The lilac, various in array, now white,
Now sanguine, and her beauteous head now set
With purple spikes pyramidal, as if,
Studious of ornament, yet unresolved
Which hue she most approved, she chose them all ;
Copious of flowers the woodbine, pale and wan,
But well compensating her sickly looks
With never-cloying odours, early and late;
Hypericum all bloom, so thick a swarm
Of flowers, like flies clothing her slender rods,
That scarce a leaf appears ; mezerion too,
Though leafless, well attired, and thick beset
With blushing wreaths, investing every spray ;
Althæa with the purple eye; the broom,
Yellow and bright, as bullion unalloy'd,
Her blossoms; and luxuriant above all
The jessamine, throwing wide her elegant sweets,
The deep dark green of whose unvarnished leaf
Makes more conspicuous, and illumines more

The bright profusion of her scattered stars.
These have been, and these shall be in their day;
And all this uniform and colored scene
Shall be dismantled of its fleecy load,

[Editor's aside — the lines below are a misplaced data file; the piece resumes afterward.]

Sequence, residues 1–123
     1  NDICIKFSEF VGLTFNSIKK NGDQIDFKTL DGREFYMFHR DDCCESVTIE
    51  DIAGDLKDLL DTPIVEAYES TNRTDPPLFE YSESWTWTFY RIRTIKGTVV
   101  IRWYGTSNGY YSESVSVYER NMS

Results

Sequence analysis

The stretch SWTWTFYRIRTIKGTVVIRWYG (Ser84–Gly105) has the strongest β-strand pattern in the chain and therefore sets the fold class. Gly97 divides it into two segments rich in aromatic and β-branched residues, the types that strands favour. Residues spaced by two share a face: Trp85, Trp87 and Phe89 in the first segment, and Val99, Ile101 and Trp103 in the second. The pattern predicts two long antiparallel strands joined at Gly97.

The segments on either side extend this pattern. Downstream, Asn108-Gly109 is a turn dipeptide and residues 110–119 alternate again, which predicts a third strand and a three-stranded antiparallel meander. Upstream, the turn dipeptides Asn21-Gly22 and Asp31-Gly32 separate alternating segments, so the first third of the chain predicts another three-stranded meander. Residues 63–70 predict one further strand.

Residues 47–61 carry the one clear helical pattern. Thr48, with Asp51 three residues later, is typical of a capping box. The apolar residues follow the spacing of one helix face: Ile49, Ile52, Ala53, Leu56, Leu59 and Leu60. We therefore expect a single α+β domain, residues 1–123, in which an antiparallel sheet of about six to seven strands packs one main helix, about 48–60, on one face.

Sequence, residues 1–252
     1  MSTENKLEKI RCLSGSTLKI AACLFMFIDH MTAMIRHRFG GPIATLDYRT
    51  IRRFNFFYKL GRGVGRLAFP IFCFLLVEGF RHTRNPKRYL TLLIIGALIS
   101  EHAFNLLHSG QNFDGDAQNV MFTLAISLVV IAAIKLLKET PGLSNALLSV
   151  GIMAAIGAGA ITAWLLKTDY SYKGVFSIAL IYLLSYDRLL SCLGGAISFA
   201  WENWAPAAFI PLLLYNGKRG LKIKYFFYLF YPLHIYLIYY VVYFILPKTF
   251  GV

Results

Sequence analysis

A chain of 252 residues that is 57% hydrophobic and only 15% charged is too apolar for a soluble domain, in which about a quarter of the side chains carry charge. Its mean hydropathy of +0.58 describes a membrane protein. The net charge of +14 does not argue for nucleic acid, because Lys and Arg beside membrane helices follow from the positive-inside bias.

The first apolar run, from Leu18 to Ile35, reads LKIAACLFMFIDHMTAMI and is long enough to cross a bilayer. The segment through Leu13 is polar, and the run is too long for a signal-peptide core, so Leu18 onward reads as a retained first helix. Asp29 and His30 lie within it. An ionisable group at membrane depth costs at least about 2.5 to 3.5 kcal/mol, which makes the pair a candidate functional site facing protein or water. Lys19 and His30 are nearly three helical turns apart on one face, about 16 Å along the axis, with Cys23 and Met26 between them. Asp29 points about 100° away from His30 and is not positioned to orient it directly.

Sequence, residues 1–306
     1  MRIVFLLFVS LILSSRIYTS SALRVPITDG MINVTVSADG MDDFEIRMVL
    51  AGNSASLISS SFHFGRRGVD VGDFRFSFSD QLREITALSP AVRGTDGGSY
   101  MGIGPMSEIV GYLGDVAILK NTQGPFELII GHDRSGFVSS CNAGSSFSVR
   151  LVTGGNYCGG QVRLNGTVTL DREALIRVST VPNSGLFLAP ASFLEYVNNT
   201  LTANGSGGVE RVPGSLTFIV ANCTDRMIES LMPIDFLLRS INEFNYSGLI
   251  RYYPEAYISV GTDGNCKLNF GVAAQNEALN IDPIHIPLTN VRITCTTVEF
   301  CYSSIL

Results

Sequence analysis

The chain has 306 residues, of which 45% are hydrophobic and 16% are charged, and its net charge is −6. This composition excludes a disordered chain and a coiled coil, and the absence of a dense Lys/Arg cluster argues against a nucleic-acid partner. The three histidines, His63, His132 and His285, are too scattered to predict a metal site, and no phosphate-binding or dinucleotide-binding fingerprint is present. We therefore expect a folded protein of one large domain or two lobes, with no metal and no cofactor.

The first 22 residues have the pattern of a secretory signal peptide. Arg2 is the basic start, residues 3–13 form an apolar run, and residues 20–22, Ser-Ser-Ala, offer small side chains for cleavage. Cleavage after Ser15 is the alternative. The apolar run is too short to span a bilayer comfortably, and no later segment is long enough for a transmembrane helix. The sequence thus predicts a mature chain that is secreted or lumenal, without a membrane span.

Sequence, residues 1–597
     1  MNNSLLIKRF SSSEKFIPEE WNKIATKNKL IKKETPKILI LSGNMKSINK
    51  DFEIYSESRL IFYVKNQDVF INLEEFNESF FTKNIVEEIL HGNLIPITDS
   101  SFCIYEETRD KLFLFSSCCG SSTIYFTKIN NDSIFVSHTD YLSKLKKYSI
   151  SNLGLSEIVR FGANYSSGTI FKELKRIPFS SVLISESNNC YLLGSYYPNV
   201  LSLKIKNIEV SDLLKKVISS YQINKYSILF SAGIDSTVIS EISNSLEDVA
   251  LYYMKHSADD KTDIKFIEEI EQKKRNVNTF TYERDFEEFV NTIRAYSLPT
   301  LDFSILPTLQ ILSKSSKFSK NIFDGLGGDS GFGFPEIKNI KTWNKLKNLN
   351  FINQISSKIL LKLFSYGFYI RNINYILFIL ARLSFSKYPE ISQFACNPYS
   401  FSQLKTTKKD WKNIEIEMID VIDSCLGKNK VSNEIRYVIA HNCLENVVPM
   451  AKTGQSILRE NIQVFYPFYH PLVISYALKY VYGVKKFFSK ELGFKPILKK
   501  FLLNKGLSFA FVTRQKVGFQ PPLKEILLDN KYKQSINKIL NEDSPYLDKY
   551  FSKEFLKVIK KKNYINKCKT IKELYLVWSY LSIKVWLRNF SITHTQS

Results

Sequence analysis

And flush into variety again.
From dearth to plenty, and from death to life,
Is Nature's progress, when she lectures man
In heavenly truth ; evincing, as she makes
The grand transition, that there lives and works
A soul in all things, and that soul is God.
The beauties of the wilderness are his,
That make so gay the solitary place
Where no eyes sees them. And the fairer forms
That cultivation glories in are his.
He sets the bright procession on its way,
And marshalls all the order of the year ;
He marks the bounds which winter may not pass,
And blunts his pointed fury ; in its case,
Russet and rude, folds

up

the tender germ
Uninjured, with inimitable art;
And, ere one flowers season fades and dies,
Designs the blooming wonders of the next.

358.-The Immortality of the Soul.

SAERTOCK. (Dr. Thomas SCERLOCK, one of the most eminent Divines of the last century, was born in 1678; died in 1761. During this long life he was an indefatigable preacher and defender of Christianity. He was successively Master of the Temple, Bishop of Bangor, of Salisbury, and of London.j

Had it not been for philosophy, there had remained perhaps no footsteps of any unbelievers in this great article ; for the sense of nature would have directed all right; but philosophy misguided many. For those who denied immortality, did not deny the common sense of nature, which they felt as well as others; but